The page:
March 18, 2011

Libya - Is UNSCR 1973 too little, too late?

Libyans celebrate in Benghazi

After almost a month of what some pundits have called "dithering," U.S. President Barack Obama and Secretary of State Hillary Clinton have now hailed a diplomatic victory, the passage of United Nations Security Council Resolution 1973. The resolution establishes a no-fly zone over Libya and requires member states to take all necessary action to prevent Libyan leader Mu'amar al-Qadhafi from continuing to slaughter his own people. It remains to be seen if the lack of American leadership in the form of Obama and Clinton is too late for the people of Libya.

The good news is that the resolution was passed pursuant to Chapter VII of the United Nations charter. That chapter authorizes and requires member states to enforce the resolution. Already, a coalition is forming around France and Great Britain, whose leaders were among those with the foresight and courage to call for action weeks ago. It appears that the United States will be an unwilling, but necessary, participant.

A Chapter VII resolution theoretically has teeth. That is what drove Qadhafi to announce a ceasefire and halt to military operations almost immediately after the resolution was passed. However, Al-Jazeera television has reported that Libyan forces continued their push towards the rebel stronghold of Benghazi. That push was accompanied by artillery fire, a violation of the Qadhafi-declared ceasefire, not to mention the UN resolution.

Now the test. There is a Chapter VII resolution in force, and a ceasefire declared by the Libyan government. If the UN resolution is violated, as it surely will be if it has not been already, there must be consequences. Those consequences must be swift and punishing, such as a wave of airstrikes against key Libyan military command and control facilities.

Unfortunately, President Obama has taken many of the best options off the table. As it stands now, American strike aircraft will not participate; the role of American cruise missiles and naval gunfire support is still in question. One might ask why the United States is bothering to show up. Hopefully, the nations that have the courage to participate in a meaningful way can mount a significant enough attack to convince Qadhafi to change his ways and abide by international demands.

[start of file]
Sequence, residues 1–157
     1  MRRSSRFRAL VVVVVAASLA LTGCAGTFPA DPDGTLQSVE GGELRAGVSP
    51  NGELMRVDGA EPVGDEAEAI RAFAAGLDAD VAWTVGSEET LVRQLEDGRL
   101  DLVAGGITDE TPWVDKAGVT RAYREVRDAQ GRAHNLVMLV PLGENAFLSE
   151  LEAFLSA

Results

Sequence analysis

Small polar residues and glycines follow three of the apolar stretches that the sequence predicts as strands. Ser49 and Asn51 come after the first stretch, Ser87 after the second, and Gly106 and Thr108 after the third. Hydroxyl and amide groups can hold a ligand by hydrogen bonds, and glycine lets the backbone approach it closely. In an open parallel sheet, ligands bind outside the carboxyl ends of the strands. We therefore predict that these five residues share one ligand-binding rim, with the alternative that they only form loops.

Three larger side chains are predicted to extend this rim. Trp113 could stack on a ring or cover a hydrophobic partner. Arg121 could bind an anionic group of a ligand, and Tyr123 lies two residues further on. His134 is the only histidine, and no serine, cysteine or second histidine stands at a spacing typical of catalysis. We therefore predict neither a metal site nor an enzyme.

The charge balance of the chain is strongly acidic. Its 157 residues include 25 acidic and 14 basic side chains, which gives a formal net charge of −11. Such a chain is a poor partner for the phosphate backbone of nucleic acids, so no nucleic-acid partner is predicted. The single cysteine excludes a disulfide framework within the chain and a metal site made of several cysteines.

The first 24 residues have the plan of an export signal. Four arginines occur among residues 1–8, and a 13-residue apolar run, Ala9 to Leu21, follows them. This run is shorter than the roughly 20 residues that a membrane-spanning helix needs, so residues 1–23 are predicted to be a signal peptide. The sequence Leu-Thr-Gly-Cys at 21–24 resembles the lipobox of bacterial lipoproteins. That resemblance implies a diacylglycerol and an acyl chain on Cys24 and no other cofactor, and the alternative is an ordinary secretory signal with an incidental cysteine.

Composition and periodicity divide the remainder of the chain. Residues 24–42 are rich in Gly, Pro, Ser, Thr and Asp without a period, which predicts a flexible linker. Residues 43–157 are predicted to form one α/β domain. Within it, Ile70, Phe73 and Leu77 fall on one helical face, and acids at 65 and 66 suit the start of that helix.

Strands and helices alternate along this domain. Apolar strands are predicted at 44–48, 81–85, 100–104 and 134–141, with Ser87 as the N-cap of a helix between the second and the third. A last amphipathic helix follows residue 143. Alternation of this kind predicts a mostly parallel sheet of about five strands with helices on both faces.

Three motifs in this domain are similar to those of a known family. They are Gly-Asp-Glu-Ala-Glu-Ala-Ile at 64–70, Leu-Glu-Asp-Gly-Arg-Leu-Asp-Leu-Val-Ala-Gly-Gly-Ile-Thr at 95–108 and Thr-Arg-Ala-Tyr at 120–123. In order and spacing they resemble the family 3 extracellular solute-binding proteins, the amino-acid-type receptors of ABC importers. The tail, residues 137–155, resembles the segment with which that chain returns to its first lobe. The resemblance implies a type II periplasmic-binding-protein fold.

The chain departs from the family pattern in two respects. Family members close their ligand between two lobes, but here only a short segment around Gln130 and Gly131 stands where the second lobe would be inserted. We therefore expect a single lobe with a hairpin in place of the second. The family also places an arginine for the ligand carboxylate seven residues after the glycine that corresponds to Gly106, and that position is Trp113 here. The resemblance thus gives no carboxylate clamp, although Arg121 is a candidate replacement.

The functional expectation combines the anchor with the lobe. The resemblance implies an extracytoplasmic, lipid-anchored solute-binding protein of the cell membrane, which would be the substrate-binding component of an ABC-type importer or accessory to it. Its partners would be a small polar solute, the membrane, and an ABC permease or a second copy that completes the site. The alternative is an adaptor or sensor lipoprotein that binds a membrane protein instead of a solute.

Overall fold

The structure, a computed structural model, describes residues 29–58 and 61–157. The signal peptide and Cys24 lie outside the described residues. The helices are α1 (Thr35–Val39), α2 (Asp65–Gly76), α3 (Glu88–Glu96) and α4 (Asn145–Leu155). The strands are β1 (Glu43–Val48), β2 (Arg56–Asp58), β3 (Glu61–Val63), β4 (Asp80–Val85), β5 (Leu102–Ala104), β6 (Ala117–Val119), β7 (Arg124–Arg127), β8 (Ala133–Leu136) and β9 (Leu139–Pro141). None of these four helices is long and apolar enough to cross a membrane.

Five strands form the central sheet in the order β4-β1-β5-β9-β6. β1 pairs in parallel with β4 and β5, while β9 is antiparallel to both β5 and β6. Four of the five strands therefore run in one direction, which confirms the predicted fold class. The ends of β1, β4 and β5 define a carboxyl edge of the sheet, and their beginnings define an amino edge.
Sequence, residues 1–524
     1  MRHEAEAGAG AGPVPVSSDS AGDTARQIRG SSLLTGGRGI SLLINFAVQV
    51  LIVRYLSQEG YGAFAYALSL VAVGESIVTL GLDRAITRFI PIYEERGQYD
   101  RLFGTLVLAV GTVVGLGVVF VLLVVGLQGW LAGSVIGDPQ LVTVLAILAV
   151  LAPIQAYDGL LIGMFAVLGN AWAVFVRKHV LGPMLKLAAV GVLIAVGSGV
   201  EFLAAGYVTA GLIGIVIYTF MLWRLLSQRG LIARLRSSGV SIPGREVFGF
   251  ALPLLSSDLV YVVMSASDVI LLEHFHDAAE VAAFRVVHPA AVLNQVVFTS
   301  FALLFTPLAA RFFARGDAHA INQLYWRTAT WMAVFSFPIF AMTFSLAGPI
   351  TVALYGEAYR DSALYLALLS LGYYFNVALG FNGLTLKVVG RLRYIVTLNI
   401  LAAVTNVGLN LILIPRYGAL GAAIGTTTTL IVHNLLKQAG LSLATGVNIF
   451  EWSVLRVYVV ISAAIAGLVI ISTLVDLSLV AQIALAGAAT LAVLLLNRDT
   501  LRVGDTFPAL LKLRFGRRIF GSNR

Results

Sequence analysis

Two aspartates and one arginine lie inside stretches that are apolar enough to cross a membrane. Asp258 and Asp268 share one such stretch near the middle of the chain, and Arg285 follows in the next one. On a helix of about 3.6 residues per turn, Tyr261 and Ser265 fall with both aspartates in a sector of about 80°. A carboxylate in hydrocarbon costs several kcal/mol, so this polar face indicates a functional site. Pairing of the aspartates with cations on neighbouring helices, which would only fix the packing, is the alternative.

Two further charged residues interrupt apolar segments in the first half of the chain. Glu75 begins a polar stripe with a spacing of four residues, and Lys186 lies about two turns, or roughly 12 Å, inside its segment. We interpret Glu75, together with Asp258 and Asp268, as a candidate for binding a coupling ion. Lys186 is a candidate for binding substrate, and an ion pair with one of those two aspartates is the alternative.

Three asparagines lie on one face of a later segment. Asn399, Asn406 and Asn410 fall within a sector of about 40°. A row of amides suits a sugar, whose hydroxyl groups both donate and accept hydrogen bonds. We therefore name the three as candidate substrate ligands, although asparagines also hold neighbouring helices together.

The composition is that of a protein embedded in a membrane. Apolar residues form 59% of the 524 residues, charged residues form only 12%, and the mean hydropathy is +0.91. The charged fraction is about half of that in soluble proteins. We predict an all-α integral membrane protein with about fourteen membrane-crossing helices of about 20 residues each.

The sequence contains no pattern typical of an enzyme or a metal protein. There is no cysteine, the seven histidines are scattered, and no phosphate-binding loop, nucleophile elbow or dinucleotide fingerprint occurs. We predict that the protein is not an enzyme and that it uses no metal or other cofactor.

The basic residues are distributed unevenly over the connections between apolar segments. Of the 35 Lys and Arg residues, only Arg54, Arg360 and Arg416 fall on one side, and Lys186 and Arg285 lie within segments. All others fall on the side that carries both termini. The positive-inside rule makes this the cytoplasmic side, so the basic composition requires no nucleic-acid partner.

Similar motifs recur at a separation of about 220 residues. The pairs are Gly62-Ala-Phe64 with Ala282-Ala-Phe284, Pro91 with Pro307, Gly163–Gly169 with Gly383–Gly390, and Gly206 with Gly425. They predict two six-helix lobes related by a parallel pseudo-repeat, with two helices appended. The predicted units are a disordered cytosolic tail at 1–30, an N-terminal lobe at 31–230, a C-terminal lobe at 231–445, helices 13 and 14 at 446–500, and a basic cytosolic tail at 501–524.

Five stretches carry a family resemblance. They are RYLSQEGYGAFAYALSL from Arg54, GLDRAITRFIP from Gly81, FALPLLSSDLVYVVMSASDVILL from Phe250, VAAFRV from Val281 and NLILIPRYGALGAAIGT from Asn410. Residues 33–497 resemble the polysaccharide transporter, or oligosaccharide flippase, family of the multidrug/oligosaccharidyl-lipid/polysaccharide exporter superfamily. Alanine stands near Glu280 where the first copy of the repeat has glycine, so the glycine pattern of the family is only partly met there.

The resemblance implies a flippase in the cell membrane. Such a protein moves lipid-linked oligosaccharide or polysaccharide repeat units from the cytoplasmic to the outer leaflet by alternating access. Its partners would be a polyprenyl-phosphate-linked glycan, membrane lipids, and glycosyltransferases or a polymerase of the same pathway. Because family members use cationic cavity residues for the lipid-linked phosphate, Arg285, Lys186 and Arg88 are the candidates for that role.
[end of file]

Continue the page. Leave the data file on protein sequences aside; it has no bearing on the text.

There is a problem. If Qadhafi can take Benghazi in the next day or so, he may just be able to once again declare a ceasefire, which at that time will hold since he will have crushed the rebellion. It is doubtfuul whether the coalition will attack Libya if there is no fighting left to stop, no rebels left to protect.

It did not have to come to this. Had the United States in the persons of the President and Secretary of State acted forcefully when it might have made a difference, Qadhafi might have been driven from power. After all, that was the outcome called for by President Obama. Now, the consequences of that failure to act reside at 1600 Pennsylvania Avenue.

The President is a fan of "March Madness" (the NCAA basketball tournament). Unfortunately, he has caused some March Madness of his own. He makes statements such as, "Let me be clear, these terms are not negotiable... If [Qadhafi] does not comply ... the resolution will be enforced through military action." Whose military action? It seems the President is ready to commit military force, just not his.

Instead of the possibility of quick and rather bloodless regime change - that ship has sailed - we are now likely heading for a long stalemate in which Qadhafi stays in power.

Of course, the President doesn't care what I have to say - he's too busy filling out his NCAA brackets while packing for a trip to Brazil, when he should be in the White House - he is about to send young Americans into harm's way. I said it in an earlier piece, what a disgrace.